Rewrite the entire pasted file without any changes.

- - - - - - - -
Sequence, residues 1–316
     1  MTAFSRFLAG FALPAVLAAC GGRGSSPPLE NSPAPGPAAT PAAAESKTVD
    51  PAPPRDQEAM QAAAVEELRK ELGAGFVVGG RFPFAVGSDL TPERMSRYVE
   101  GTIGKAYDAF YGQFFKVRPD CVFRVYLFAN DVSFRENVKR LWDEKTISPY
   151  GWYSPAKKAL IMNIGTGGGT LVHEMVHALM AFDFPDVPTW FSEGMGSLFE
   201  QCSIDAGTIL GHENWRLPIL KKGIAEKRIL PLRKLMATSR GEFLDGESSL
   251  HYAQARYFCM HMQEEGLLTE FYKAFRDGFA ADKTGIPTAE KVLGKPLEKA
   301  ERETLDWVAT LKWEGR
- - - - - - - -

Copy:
Sequence, residues 1–316
     1  MTAFSRFLAG FALPAVLAAC GGRGSSPPLE NSPAPGPAAT PAAAESKTVD
    51  PAPPRDQEAM QAAAVEELRK ELGAGFVVGG RFPFAVGSDL TPERMSRYVE
   101  GTIGKAYDAF YGQFFKVRPD CVFRVYLFAN DVSFRENVKR LWDEKTISPY
   151  GWYSPAKKAL IMNIGTGGGT LVHEMVHALM AFDFPDVPTW FSEGMGSLFE
   201  QCSIDAGTIL GHENWRLPIL KKGIAEKRIL PLRKLMATSR GEFLDGESSL
   251  HYAQARYFCM HMQEEGLLTE FYKAFRDGFA ADKTGIPTAE KVLGKPLEKA
   301  ERETLDWVAT LKWEGR